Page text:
There are many answers to why some have called the generation that came to maturity in the 1930s and '40s the "Greatest Generation."' They certainly faced great challenges -- and in almost every case, working together they overcame them. They relied on their common institutions, especially the government, to organize their efforts.
To win World War II, the U.S. government went on an unprecedented spending and borrowing spree. During the war, the government's debt rose to 112 percent of GDP (compared with 72 percent in today's troubled times). Fears about the consequences of this development proved unfounded when rapid post war economic growth and measures like a 91 percent top tax rate enabled the government to pay down the debt surprising easily -- down to less than 25 percent of GDP in 1974.
The story of the efforts to create the "arsenal of democracy" and manage an unprecedented economic conversion is well known. But there is far too little understanding of the lessons from the re-conversion to a peacetime economy. In addition to debt overhang -- the largest in our history -- there was the potential for a massive sudden spurt in unemployment, as 16 million service men and women were demobilized and dumped on the job market. That's a huge number out of what was then a total population of about 135 million. Businesses also faced the dual problem of the loss of billions in federal contracts and significant costs relating to reconversion to the production of peacetime products.
While there were bumps along the road, the dire predictions of post-war economic chaos never were fulfilled. Why not?
There were many reasons, but far too little attention is given to the extraordinary post war spending on social programs designed to benefit veterans. The "GI Bill" and related legislation were seldom explained as economic conversion mechanisms, but that turned out to be the effect.
In the first place, the legislation was part of the expression of a grateful nation for those who had served. In addition, the powerful advocacy of the American Legion and Veterans of Foreign Wars and tremendous grass roots political pressure to do something for the veterans made the political case for major programs irresistible. And finally, a motivating force was the fellowship engendered by the long struggle enduring the Great Depression and the enormous sacrifice demanded by World War II. These shared experiences fostered a "can do" spirit of the war winning experience and the continuing sense that we were all in this together.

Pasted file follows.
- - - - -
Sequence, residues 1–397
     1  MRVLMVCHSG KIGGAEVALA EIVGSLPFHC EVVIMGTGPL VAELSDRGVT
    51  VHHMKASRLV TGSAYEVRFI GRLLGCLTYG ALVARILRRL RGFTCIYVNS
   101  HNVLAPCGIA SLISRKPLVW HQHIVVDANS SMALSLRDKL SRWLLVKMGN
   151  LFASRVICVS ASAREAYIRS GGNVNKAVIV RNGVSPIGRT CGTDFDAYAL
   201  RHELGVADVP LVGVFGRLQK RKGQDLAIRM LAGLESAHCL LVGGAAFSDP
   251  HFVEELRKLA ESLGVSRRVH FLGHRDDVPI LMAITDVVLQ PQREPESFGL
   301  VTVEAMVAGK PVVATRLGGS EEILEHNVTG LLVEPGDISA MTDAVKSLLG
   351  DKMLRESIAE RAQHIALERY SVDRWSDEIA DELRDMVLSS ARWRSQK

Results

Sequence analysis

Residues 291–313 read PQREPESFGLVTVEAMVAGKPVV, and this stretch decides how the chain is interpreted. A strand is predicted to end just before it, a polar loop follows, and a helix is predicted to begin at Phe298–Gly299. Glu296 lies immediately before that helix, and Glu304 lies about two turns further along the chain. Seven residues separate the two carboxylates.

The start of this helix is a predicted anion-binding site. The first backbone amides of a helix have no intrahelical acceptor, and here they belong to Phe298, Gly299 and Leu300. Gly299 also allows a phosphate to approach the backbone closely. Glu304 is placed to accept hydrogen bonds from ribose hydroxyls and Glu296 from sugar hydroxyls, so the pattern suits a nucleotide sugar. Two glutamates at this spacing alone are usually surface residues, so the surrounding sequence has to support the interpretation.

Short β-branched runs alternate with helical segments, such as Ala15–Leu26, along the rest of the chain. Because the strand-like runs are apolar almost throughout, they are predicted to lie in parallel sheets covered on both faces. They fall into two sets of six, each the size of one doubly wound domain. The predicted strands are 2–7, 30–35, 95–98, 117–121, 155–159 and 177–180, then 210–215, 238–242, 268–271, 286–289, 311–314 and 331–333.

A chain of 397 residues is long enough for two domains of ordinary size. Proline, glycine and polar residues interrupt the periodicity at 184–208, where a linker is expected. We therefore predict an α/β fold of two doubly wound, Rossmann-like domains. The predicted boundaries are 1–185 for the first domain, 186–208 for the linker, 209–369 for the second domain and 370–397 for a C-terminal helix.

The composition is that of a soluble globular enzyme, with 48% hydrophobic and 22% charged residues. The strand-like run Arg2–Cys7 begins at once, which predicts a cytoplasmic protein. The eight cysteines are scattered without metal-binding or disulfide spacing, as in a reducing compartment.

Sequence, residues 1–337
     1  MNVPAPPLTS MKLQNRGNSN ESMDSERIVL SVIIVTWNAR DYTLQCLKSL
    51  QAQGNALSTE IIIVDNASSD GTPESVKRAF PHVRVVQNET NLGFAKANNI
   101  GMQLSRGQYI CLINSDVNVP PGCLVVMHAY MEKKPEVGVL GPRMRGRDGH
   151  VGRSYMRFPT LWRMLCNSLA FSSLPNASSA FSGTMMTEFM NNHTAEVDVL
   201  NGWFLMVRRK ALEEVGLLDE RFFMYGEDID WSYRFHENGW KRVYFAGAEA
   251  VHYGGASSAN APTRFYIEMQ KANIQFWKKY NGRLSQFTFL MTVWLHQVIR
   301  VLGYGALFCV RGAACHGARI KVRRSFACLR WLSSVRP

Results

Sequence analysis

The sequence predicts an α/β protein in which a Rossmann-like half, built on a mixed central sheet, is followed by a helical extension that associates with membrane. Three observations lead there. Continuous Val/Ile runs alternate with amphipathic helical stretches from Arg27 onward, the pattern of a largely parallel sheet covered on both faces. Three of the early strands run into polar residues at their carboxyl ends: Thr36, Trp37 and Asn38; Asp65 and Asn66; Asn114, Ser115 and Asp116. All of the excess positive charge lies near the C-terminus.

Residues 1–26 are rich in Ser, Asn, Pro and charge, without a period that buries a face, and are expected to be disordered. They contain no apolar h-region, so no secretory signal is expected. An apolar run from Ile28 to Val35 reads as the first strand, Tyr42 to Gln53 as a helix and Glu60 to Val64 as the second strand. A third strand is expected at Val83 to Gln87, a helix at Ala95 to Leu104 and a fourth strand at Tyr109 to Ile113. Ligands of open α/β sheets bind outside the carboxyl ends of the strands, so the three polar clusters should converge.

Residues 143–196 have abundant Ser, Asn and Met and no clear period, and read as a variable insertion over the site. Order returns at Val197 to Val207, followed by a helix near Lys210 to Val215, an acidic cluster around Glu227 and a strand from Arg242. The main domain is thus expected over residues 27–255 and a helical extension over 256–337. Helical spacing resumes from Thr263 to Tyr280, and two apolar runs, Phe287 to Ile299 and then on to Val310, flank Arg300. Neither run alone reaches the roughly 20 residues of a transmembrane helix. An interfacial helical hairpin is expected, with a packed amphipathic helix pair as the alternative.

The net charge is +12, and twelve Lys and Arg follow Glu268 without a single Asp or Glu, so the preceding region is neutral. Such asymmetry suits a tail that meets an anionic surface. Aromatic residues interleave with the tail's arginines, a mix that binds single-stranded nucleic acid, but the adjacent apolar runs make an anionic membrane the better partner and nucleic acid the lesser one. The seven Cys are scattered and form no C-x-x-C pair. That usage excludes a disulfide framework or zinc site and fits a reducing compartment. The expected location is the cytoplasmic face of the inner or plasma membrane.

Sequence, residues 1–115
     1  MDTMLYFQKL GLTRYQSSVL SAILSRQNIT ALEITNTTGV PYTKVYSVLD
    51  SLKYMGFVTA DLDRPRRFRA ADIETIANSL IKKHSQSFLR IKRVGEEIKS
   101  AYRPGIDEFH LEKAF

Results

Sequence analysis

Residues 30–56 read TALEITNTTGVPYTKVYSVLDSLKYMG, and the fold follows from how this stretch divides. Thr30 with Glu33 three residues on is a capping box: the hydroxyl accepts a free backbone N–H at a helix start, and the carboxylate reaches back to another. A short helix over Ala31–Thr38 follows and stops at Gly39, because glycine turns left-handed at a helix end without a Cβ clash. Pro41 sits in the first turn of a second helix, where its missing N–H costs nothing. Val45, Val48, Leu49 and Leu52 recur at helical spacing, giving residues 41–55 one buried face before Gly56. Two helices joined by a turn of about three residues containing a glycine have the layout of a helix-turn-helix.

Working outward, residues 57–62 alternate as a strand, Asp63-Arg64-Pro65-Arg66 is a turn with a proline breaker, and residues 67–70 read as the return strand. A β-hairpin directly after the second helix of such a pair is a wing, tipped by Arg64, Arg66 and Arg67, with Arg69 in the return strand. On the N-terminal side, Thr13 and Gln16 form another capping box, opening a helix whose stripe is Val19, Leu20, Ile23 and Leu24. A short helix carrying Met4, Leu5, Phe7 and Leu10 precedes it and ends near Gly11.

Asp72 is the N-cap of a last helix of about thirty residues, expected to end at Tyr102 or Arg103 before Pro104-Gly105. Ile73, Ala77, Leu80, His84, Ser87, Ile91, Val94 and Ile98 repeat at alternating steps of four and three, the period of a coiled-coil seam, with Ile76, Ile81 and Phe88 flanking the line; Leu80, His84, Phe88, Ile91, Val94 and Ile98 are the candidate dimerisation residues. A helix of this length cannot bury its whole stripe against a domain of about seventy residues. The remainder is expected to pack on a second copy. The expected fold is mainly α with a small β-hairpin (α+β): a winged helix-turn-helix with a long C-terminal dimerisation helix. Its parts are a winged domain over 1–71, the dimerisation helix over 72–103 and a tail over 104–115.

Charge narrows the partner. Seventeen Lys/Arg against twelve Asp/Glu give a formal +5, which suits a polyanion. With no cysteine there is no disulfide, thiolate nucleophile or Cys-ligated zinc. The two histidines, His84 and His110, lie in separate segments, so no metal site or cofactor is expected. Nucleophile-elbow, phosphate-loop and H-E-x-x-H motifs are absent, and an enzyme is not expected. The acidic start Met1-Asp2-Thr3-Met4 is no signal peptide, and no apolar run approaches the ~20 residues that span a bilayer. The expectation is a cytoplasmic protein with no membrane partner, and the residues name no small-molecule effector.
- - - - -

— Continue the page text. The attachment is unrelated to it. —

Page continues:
The effects of the GI Bill were dramatic: 8 million veterans upgraded through subsidies for higher education and training, dramatically increasing their life-time earnings potential and changing college from a rarity to a mainstream preparation for a career. Over 8 million received special unemployment support for a year, reinforcing consumer demand for goods and services. Four million veterans received subsidies for home mortgages, as well as business and farm loans. The unprecedented support for the veterans helped increase the public's purchasing power and together with the pent-up demand for consumer goods made the transition for many businesses a manageable experience.
The expansionary post-war government support set the table for the great growth and prosperity of the '50s and '60s -- and the baby boom. As late as five years after the war, 25 percent of the federal budget was still paying for these benefits for veterans.
It may be that there is a lesson in all this for the current -- not-considered-so-great--- generation. Their parents and grandparents may well have been the greatest generation but they also got a little help from their friends... in their government. As the popular WW II song went: "We did it before and we can do it again."